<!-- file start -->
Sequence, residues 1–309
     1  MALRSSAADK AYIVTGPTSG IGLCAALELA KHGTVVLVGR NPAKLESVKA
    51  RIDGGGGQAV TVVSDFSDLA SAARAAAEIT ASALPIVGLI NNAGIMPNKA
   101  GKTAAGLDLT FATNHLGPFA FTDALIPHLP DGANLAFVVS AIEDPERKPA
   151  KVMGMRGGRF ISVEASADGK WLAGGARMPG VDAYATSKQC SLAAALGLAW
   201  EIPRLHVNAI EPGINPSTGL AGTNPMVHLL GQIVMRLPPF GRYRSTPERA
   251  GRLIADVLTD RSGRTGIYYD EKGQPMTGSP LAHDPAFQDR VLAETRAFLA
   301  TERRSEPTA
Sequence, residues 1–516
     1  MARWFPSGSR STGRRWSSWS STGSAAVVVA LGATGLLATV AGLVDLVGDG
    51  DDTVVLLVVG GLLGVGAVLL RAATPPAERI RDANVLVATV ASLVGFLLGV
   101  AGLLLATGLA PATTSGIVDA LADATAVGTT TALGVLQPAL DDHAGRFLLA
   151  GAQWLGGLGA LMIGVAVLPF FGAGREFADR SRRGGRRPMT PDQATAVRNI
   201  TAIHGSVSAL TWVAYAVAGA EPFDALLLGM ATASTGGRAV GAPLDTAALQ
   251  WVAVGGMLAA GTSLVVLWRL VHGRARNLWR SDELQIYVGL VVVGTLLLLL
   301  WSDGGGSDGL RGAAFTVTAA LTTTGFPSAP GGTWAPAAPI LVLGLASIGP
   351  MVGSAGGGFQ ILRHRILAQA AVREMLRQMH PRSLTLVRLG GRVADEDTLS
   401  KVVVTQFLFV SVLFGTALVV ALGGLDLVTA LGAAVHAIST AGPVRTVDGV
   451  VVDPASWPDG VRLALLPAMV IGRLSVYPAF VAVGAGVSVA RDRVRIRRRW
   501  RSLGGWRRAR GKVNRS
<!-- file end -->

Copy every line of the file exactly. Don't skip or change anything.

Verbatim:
Sequence, residues 1–309
     1  MALRSSAADK AYIVTGPTSG IGLCAALELA KHGTVVLVGR NPAKLESVKA
    51  RIDGGGGQAV TVVSDFSDLA SAARAAAEIT ASALPIVGLI NNAGIMPNKA
   101  GKTAAGLDLT FATNHLGPFA FTDALIPHLP DGANLAFVVS AIEDPERKPA
   151  KVMGMRGGRF ISVEASADGK WLAGGARMPG VDAYATSKQC SLAAALGLAW
   201  EIPRLHVNAI EPGINPSTGL AGTNPMVHLL GQIVMRLPPF GRYRSTPERA
   251  GRLIADVLTD RSGRTGIYYD EKGQPMTGSP LAHDPAFQDR VLAETRAFLA
   301  TERRSEPTA
Sequence, residues 1–516
     1  MARWFPSGSR STGRRWSSWS STGSAAVVVA LGATGLLATV AGLVDLVGDG
    51  DDTVVLLVVG GLLGVGAVLL RAATPPAERI RDANVLVATV ASLVGFLLGV
   101  AGLLLATGLA PATTSGIVDA LADATAVGTT TALGVLQPAL DDHAGRFLLA
   151  GAQWLGGLGA LMIGVAVLPF FGAGREFADR SRRGGRRPMT PDQATAVRNI
   201  TAIHGSVSAL TWVAYAVAGA EPFDALLLGM ATASTGGRAV GAPLDTAALQ
   251  WVAVGGMLAA GTSLVVLWRL VHGRARNLWR SDELQIYVGL VVVGTLLLLL
   301  WSDGGGSDGL RGAAFTVTAA LTTTGFPSAP GGTWAPAAPI LVLGLASIGP
   351  MVGSAGGGFQ ILRHRILAQA AVREMLRQMH PRSLTLVRLG GRVADEDTLS
   401  KVVVTQFLFV SVLFGTALVV ALGGLDLVTA LGAAVHAIST AGPVRTVDGV
   451  VVDPASWPDG VRLALLPAMV IGRLSVYPAF VAVGAGVSVA RDRVRIRRRW
   501  RSLGGWRRAR GKVNRS